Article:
B2RLaw’s team advised on Polish aspects of the transaction, and was led by Partner Agnieszka Hajos-Iwanska and included Counsels Luiza Wyrębkowska, Piotr Leonarski (Tax); and Junior Associate Krzysztof Judasz.




B2RLaw advises Polish unicorn DocPlanner on its acquisition of MyDr

B2RLaw has advised Polish unicorn DocPlanner on its acquisition of MyDr – DocPlanner’s first acquisition on the Polish market. Docplanner (operating in Poland under the ZnanyLekarz brand), the operator of an online SaaS platform for arranging medical appointments, has acquired MyDr which provides technological solutions to the medical sector, through its MyDr EDM and Dr100 software.

DocPlanner creates digital apps and software solutions for doctors, clinics, hospitals and patients to enable the healthcare system and patient journey to integrate seamlessly. The platform provides free doctor reviews and instant online appointment booking for patients through its online marketplaces. DocPlanner is used by approximately 85 million patients per month and more than 190,000 doctors globally in 13 countries. The company was founded in 2012 in Poland and now boasts a team of more than 2,600  based across offices in Warsaw, Barcelona, Istanbul, Rome, Mexico City, Curitiba and Bologna. It is backed by leading venture capital funds including Point Nine Capital, Goldman Sachs Asset Management and One Peak Partners, raising a total of approximately EUR 300 million to date.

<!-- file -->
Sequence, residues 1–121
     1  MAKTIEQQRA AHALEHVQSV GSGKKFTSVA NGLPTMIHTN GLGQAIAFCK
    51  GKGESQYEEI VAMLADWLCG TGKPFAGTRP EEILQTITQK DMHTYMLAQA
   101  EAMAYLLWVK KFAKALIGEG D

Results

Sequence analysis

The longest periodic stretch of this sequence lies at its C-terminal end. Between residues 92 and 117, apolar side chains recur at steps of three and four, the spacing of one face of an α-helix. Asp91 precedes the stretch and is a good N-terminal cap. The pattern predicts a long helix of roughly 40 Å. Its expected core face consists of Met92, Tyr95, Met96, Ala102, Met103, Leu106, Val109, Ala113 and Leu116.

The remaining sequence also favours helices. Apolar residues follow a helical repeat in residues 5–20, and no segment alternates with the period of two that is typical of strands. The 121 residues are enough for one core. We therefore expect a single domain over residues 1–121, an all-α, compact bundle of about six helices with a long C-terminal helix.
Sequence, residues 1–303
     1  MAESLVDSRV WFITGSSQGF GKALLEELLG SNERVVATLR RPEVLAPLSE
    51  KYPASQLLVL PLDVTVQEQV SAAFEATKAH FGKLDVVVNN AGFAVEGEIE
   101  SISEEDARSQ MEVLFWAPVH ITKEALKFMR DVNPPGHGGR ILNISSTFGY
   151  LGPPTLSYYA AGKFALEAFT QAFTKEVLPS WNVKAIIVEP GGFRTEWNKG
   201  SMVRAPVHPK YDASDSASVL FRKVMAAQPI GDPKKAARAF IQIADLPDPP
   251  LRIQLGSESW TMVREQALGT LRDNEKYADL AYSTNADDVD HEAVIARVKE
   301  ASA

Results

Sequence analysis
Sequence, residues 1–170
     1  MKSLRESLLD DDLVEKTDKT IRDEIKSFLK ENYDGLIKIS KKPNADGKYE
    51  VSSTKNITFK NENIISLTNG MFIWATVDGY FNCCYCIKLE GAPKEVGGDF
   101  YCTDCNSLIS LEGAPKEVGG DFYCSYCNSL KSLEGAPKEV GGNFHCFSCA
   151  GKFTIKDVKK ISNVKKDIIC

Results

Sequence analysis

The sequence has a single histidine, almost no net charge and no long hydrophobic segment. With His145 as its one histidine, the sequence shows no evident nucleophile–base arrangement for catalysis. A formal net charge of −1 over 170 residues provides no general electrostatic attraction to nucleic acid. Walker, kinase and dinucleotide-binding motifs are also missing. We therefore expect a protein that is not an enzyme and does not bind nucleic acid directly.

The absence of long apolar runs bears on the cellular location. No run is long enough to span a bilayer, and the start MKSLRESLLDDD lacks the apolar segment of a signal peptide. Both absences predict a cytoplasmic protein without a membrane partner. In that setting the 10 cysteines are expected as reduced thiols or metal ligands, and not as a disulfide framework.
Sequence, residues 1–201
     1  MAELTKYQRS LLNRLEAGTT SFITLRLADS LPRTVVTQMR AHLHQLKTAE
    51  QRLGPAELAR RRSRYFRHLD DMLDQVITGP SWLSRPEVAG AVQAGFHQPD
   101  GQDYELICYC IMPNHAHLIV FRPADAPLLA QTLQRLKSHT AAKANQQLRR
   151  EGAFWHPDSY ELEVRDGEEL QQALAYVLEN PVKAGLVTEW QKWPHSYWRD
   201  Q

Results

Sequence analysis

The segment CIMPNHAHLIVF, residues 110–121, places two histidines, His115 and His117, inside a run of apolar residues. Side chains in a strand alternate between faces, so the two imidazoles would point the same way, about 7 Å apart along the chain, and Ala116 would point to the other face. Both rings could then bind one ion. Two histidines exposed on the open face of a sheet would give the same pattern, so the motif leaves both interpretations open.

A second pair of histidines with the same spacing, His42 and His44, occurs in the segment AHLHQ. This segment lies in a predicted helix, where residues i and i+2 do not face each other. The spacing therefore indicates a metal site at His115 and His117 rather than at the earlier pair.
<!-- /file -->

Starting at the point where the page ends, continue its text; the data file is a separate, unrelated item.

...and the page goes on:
DocPlanner has made nine acquisitions to date as part of its global expansion strategy, including TuoTempo in Italy, Doctoralia in Spain, and Eniyihekim (now Doktortakvimi) in Turkey, as well as German counterpart Jameda from Hubert Burda Media last year.

MyDr works with 47,000 doctors, and almost 2 million visits are arranged monthly via the company’s software. The company offers several services, including MyDr EDM for managing a medical practice; Dr100 for running dental offices and clinics; and the drNews information system for medical facilities.

B2RLaw advised DocPlanner (ZnanyLekarz) on all aspects of the transaction.

B2RLaw’s team was led by Senior Partner Rafał Stroiński and Partner Aleksandra Polak, and included Partner Marcin Huczkowski; Counsels Malwina Niczke–Chmura and Paulina Wyrostek; Senior Associates Krystyna Jakubowska and Teresa Pilecka–Juda; and Junior Associate Danyila Zubach.